[SPAM] Re: [mod_python] Problem with caching

Dave Britton dave at davebritton.com
Sat Apr 4 09:49:03 EDT 2009

Use a multiuser database to hold the persistent information (MySQ or
sqlite). This is the only way you can insure that shared data, ie. data that
is intentionally passed between users, where (as in your example) what user
2 sees depends on what user 1 did, and what he does matters to the next page
load of what user 1 sees. Pickling, text files, and web server memory are
not up to the task, they are simply not designed for that across-use,
across-pageload data sharing. It's why god invented relational databases. No
wait, that's Codd.
----- Original Message -----
From: "Aaron Scott Hildebrandt" <aaron.hildebrandt at gmail.com>
To: <mod_python at modpython.org>
Sent: Friday, April 03, 2009 6:15 PM
Subject: [mod_python] Problem with caching

> This is my first time working with mod_python. One thing that I wasn't
> prepared for was dealing with persistence. I have an app that I'm
> trying to make work through mod_python, but everything goes to hell
> the moment there's multiple users.
> The way it's supposed to work is like this:
> The page is accessed. A number of variables are loaded. The user
> changes some of the variables, the changes are saved to a pickled
> file. The next time the user loads the page, those saved variable
> values are loaded back in.
> The problem is, as soon as the variables have been changed, if anyone
> accesses the page in the near future, they'll see those changed
> variables. Here's where it really starts driving me insane: a lot of
> the time, that second user will see the changed variables even if he
> has his own pickled file that has been loaded and was supposed to
> overwrite them.
> For example:
> I have a file with the variable "x = 0". A user changes the value to
> "x = 5", and that change is saved to a pickled file (tied to a session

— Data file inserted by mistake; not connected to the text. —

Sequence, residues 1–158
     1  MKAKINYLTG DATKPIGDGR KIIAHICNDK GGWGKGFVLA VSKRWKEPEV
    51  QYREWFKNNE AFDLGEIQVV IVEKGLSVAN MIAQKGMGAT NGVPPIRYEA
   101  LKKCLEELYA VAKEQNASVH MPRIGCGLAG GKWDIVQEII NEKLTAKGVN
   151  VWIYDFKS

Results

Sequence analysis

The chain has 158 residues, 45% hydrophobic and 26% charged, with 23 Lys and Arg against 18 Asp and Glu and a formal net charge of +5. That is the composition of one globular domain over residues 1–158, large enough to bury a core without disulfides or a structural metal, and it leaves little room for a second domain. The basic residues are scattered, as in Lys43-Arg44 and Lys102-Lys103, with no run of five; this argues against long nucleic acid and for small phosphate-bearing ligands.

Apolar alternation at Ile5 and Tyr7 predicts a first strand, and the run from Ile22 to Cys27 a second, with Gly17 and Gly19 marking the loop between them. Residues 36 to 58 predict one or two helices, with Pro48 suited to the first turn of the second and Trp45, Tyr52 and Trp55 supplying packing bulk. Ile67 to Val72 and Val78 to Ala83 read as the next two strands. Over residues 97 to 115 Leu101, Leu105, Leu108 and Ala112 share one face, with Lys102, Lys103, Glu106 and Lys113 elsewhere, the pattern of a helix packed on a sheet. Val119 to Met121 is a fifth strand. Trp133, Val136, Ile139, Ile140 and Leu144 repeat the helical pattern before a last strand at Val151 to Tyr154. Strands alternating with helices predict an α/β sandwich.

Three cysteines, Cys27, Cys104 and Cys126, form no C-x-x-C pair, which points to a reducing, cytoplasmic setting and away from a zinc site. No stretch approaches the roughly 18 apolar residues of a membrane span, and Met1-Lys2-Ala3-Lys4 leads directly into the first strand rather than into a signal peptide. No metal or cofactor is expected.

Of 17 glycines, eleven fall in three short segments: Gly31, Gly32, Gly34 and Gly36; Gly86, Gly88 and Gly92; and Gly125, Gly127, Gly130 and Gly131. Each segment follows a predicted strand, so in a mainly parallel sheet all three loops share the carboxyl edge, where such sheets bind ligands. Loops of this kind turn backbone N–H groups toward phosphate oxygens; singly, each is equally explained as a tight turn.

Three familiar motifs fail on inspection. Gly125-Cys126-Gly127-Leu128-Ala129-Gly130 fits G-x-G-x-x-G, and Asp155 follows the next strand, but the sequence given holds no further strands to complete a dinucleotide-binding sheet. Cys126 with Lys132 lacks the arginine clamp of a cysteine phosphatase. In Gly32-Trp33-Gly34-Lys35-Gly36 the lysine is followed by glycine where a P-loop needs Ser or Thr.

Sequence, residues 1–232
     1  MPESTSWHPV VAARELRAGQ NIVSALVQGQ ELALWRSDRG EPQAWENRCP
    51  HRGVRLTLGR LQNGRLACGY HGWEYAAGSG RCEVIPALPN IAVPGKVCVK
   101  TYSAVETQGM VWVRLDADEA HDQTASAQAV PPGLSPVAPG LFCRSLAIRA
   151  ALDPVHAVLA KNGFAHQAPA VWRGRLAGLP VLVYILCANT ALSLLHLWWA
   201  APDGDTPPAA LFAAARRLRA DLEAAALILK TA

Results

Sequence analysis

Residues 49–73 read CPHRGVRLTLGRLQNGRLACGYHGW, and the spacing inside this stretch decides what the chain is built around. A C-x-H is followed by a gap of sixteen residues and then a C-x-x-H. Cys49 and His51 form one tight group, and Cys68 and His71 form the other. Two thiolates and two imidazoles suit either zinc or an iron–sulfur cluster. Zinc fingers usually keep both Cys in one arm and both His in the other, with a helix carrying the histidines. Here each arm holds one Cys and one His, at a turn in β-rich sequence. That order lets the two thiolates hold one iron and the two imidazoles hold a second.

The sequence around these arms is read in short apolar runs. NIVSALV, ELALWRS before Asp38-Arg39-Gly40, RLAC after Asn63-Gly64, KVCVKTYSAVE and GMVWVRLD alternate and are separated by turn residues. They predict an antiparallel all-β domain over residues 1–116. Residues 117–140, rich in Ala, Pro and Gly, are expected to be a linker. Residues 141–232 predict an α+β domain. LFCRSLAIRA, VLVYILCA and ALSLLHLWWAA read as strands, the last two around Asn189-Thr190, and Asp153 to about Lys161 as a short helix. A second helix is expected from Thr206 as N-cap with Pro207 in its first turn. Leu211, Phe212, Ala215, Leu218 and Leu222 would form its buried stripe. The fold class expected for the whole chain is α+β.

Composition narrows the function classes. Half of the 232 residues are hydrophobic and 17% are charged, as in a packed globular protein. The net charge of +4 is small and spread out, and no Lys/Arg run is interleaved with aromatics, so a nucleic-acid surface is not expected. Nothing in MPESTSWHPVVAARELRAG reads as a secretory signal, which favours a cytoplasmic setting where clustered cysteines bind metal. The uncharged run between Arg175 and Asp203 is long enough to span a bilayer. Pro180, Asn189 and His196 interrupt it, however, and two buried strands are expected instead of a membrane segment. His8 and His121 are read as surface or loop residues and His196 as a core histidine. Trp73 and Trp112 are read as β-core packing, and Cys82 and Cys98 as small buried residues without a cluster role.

> ID).
> A second user accesses the page, where the value is now "x = 5". He
> changed the value to "x = 10". This is saved to his own pickled file.
> The first user returns to the site. Since he's returning, his pickled
> file, with "x = 5", is loaded. Except, when he looks at the data, he
> sees "x = 10", even though that variable was supposed to have been
> changed to "5" when his file loaded.
> A more direct code example:
> The module lab.game has the class InitGame, which contains "daemons =
> {}". There's an instance of this class called "settings".
> A user runs the code, resulting in some values in "daemons":
> "{'berry2': 3, 'berry3': 5, 'berry1': 7}". These are pickled. The next
> user runs the code. I put this in to make sure "daemons" is getting
> reset:
>         req.write(str(lab.game.settings.daemons))
>         del lab.game.settings
> try: req.write(str(lab.game.settings.daemons))
> except: req.write("failed")
>         lab.game.settings = lab.game.InitGame()
>         req.write(str(lab.game.settings.daemons))
> Okay, that should wipe out any of the values and leave us with a clean
> slate, right? But no, it doesn't. This is the output:
>         {'berry2': 3, 'berry3': 5, 'berry1': 7}failed{'berry2': 3,
> 'berry3': 5, 'berry1': 7}
> So, even if I try deleting the variable itself, the moment I try to
> reinitialize it, the old values return.
> Does anyone know what I'm doing wrong, or if there's any way I can
> just kill mod_python's persistence altogether?
> Thanks,
> Aaron
> --
> Aaron Scott Hildebrandt
> andcuriouser.com
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